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Lets say I have this bash script (test):

#!/usr/bin/env bash
source ~/.zshrc

In my .zshrc, I have the following:

autoload -U compinit
compinit

When I try and run 'bash test' from my terminal window (zsh), I get errors saying autoload and compinit commands are not found. If I just do source ~/.zshrc from the command line, it works fine.

I am trying to setup my development environment, similar to this blog, but when the scripts try and source the .zshrc file it fails.

Any insight would be appreciated.

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Why aren't you doing a zsh script if you need your zsh profile? –  Mat Jan 15 '12 at 17:14
    
Well, I guess the state of my confusion starts with the blog article, and they have a bash script that seems to me they are running in a zsh shell....I will try the suggestions here... –  Emjay Jan 15 '12 at 17:30
    
I don't see anything in that blog article about sourceing your .zshrc from any sort of script, let alone bash scripts. –  Gordon Davisson Jan 15 '12 at 21:00
    
If you look at the mac script in the laptop repository, it is doing it there. In the blog, they switch to zsh shell, then have you run that script to setup your mac environment. –  Emjay Jan 20 '12 at 12:44

2 Answers 2

In your script, you're using bash to run a zsh script. You might as well ask the python interpreter to parse perl.

Either change bash to zsh in the shebang line or write the script with bash commands.

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It's not quite as bad as python vs. perl. Both bash and zsh are derived from the Bourne shell (whose behavior is standardized by POSIX), so any script designed to work with /bin/sh is likely to work with either bash or zsh.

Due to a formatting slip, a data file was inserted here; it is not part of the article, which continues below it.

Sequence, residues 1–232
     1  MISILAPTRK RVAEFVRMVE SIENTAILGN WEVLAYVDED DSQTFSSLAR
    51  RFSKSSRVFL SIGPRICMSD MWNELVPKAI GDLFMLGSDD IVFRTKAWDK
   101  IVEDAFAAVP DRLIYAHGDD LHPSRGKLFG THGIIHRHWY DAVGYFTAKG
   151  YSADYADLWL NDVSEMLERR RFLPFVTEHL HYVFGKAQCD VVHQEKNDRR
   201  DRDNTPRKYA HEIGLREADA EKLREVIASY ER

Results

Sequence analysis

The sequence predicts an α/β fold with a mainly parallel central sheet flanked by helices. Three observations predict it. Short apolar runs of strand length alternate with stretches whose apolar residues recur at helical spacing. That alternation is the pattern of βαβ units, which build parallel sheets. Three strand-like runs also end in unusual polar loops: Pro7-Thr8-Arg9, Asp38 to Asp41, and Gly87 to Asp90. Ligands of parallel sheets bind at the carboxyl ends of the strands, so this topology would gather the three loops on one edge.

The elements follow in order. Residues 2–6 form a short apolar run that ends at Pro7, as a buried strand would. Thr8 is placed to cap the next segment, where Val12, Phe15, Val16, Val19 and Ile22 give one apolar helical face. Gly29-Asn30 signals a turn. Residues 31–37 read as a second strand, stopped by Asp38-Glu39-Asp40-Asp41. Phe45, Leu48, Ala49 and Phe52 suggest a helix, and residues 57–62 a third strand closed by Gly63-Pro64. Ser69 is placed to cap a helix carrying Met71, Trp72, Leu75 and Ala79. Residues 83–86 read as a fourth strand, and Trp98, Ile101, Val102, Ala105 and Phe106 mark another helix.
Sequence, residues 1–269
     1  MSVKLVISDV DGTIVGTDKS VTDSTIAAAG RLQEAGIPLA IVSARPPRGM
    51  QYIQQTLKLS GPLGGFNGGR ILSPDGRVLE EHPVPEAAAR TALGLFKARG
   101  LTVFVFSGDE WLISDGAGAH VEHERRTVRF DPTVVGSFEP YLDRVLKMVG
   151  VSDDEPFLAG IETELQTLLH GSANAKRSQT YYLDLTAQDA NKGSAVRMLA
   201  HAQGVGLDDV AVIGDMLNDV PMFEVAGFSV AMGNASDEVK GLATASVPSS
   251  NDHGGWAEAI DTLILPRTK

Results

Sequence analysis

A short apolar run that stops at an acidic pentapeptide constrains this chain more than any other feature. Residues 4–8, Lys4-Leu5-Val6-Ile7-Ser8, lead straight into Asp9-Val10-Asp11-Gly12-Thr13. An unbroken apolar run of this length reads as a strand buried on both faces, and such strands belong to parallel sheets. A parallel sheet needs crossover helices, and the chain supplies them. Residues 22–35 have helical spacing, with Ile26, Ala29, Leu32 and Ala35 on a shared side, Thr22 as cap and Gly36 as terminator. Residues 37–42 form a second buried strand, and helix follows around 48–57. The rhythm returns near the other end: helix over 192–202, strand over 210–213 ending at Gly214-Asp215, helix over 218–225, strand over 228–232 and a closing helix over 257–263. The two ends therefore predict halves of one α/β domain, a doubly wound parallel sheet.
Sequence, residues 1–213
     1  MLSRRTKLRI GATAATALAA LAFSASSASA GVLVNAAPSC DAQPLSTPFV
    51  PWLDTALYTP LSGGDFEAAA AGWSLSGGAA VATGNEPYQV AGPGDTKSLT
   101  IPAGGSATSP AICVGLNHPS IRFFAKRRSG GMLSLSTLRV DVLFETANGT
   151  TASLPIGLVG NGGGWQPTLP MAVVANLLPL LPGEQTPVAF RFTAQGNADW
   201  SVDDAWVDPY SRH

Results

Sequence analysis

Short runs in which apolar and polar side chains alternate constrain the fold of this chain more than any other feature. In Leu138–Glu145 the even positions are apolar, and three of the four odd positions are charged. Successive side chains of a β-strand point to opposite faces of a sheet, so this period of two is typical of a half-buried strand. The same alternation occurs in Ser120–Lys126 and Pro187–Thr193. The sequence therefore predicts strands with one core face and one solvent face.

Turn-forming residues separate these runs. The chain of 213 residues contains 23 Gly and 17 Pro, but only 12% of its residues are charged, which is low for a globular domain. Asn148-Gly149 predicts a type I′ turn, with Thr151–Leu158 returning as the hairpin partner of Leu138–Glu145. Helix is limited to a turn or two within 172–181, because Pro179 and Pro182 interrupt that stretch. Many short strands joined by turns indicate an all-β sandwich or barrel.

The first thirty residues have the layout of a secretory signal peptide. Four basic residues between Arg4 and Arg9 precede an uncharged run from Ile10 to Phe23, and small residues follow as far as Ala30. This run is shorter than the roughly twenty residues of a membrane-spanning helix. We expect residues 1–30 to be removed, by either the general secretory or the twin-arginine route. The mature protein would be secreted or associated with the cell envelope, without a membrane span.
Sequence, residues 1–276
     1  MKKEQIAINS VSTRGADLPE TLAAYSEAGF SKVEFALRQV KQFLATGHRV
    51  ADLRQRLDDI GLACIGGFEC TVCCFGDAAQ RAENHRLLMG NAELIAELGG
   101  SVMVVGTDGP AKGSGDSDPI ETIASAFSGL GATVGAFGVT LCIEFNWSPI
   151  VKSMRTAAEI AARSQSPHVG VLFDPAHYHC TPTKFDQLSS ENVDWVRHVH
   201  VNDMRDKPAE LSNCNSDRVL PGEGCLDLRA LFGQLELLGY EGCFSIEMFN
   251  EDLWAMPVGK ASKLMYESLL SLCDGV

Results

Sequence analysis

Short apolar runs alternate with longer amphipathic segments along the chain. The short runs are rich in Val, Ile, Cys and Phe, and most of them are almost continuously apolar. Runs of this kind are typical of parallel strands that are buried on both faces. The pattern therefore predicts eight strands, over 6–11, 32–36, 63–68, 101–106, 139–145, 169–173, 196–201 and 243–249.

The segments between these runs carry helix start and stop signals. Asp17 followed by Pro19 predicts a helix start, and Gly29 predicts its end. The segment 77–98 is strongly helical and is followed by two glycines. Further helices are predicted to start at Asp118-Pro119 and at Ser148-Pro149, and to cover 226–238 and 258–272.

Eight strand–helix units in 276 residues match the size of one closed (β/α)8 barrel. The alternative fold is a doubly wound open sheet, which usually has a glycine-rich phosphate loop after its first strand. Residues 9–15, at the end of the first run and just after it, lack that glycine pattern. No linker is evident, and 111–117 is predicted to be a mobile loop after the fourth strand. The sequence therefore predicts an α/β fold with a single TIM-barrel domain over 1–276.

Normally your ~/.zshrc, as the name implies, is designed to be used with zsh, and will typically include zsh-specific commands like autoload and compinit.

You can make those commands conditional, for example:

if [ "$ZSH_VERSION" ] ; then
    autoload -U compinit
    compinit
fi

But of course that means you won't get the functionality of those commands, unless you can figure out a way to emulate them in bash. (I'm not familiar with either command, so I can't help you there.)

(Note that this will fail if you've done set -u or set -o nounset in your bash shell.)

But if you're going to be using both zsh and bash, it probably makes a lot more sense to have separate ~/.bashrc and ~/.zshrc files, and use each one only with the shell for which it's designed. If you want to avoid duplication, each one can source a third file containing common commands.

(And based on the comments, it's likely you're doing the wrong thing in the first place.)

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I kind of gave up with the walk through I was using, and just made my own bash script to setup my laptop. The code I was basing my initial script on is overkill for me anyway. Thanks for the input. –  Emjay Jan 16 '12 at 2:23

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